Open the app and log in. On the opening screen, you’ll see an icon labeled Snap Receipt. Click on it, and your phone’s camera will open (you’ll be asked for permission to use it). Position your phone over the receipt and move it around until you see the blue box covering the content of the receipt.  Take the picture. You’ll see it displayed on the phone with a message saying, “Use this photo.” If it seems OK, click the link. 

A message on the screen will tell you that the upload is complete and that the app is extracting the information from it. Click “Got it!” It should only take about a minute for your receipt to appear in the list on the Receipt snap screen. You’ll see the details that the app has pulled from your receipt. Tap the matching expense and click Done on the next screen.

You can snap a photo of the receipt in the QuickBooks Online mobile app, and some fields will be automatically entered on a receipt form in QBO.

When you’re back at your computer, open QuickBooks Online and go to Transactions | Receipts. At the end of the row that contains your receipt, click the down arrow next to Delete and select Review. QBO will display the partially-completed receipt form next to the photo you took of the receipt. Fill in any missing fields and save the transaction. Click Create expense on the screen that opens. Then open the Expenses menu and select Expenses, and there should be an entry for the receipt you just added.

This tool isn’t perfect, of course. Every receipt has different fields in different places, and sometimes they’re just not very readable. But in our tests, the app picked up an average of four fields.

Documenting your expenses using one of these two methods is so important. It will help you remember why you stored the receipt and make your reports more accurate. As long as you’re categorizing each transaction correctly, it will also make your tax preparation easier and faster and ensure that you’re charging customers for billable expenses. And if you’re ever audited, your careful work will come in handy.

QuickBooks Online does expense management well, but there are enough moving parts in these recording tools that you may have some questions. Please contact our Outsourced Accounting team. We're here to help. 

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Record expenses in QuickBooks Online and on your phone

Read this if you have not yet reported for Phase 1.

Phase 1 provider relief reporting portal

HRSA opened the Provider Relief Funds (PRF) reporting portal on July 1, 2021, for Phase 1 PRF reporting. In Phase 1, providers will be reporting on the use of PRF received prior to June 30, 2020. While Phase 1 reporting was originally due September 30, 2021, HRSA has provided a 60-day grace period for the reporting period. Providers will be considered out of compliance with the reporting requirements if they do not submit reporting by November 30, 2021. Providers can submit their reporting on the Provider Relief Fund portal. Please note:

  1. Providers must register for the reporting portal, as this is not the same portal as the application and attestation portal. The portal registration must be completed in one session. Follow the link to the Portal Registration User guide
  2. Providers can only report on eligible lost revenues and expenditures related to payments received before June 30, 2020. Providers are not yet allowed to report on payments received subsequent to June 30, 2020. See the June 11, 2021 Reporting Requirements Notice for more detail on reporting requirements.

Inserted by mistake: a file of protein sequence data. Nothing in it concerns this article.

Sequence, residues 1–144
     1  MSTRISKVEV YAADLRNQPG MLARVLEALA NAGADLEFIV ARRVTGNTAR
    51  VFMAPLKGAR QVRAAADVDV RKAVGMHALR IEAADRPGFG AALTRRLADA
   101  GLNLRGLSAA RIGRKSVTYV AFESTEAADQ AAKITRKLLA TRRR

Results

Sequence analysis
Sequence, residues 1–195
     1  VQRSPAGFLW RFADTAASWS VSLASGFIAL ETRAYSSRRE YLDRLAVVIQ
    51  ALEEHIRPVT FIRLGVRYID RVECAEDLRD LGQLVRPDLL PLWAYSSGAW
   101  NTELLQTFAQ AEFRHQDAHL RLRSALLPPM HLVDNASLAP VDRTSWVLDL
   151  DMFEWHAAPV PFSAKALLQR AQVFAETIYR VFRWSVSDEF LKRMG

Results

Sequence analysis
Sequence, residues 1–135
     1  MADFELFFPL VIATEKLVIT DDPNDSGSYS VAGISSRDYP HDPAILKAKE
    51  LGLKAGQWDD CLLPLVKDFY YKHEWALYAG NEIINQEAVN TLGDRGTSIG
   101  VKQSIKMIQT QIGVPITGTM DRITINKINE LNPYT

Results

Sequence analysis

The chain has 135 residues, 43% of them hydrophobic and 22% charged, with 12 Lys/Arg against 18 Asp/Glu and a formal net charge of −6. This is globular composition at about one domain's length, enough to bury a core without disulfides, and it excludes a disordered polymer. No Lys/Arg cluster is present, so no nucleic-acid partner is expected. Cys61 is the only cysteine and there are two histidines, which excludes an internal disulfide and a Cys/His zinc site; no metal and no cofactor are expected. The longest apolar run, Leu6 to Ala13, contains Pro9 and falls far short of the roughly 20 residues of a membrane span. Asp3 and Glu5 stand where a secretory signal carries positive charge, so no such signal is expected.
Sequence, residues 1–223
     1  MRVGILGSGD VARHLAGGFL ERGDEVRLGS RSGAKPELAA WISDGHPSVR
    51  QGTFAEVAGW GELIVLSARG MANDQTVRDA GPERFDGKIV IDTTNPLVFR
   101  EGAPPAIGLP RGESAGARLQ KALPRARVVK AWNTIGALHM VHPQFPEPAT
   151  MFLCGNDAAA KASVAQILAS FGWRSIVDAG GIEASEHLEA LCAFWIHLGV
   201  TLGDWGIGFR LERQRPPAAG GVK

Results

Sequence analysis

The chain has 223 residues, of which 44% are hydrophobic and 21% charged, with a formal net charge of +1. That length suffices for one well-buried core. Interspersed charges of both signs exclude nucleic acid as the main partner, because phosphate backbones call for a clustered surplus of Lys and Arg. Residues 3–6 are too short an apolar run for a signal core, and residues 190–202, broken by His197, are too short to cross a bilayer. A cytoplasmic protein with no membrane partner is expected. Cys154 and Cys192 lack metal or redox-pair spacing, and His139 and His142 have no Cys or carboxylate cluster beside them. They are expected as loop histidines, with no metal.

3. The period of availability for Phase 1 lost revenues and eligible expenditures is January 1, 2020 through June 30, 2021.
  4. It is extremely helpful to complete the HRSA provider portal worksheets prior to beginning the portal data entry. 
  5. Providers should return unused funds as soon as possible after submitting their report. All unused funds must be returned no later than 30 days after the end of the grace period. (December 31, 2021)
  6. Provider Relief Funds are considered federal awards under Assistance Listing Number (ALN) 93.948. Providers, both for-profit and not-for-profit, may be subject to a Uniform Guidance Audit if they expend more than $750,000 of federal awards during the provider’s fiscal year. 
  7. Providers are able to retrieve their data submission from the portal if a copy was not retained during the submission process.

Your BerryDunn Hospital team is here to help you navigate the Provider Relief Fund reporting and compliance requirements. Please contact us if you have any questions or would like to talk about your specific situation. 

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Provider Relief Funds: Highlights

Read this if you are involved with financial statement audits or use audited financial statements. 

Almost as exciting as the look of a new outfit or (completion of) a renovation project, SAS 134 brings a new design to the auditor’s report accompanying your audited financials for periods ending on or after December 31, 2021. Why the new look, you ask? 

Users spoke and the AICPA Auditing Standards Board listened. The new standard significantly changes the layout and content of the report (including management’s responsibilities) and permits communication of key audit matters (areas of higher assessed risk of material misstatement, areas involving significant judgment, or significant events or transactions during the period). Implemented changes include: 

  • The auditor’s opinion is now at the beginning of the audit report and otherwise strengthens the transparency for the auditor’s opinion.
  • The standard clarifies the responsibilities of both management and the auditors, strengthening the financial audit. 

Sample auditor’s report

The simplest way to relay the changes is with an example. The following report is a basic illustration in which an unmodified opinion was issued and the auditor was not engaged to communicate key audit matters. 

If you have questions or would like to speak to us about your specific situation, please contact us. We’re here to help.

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Auditor's report redesigned for better communication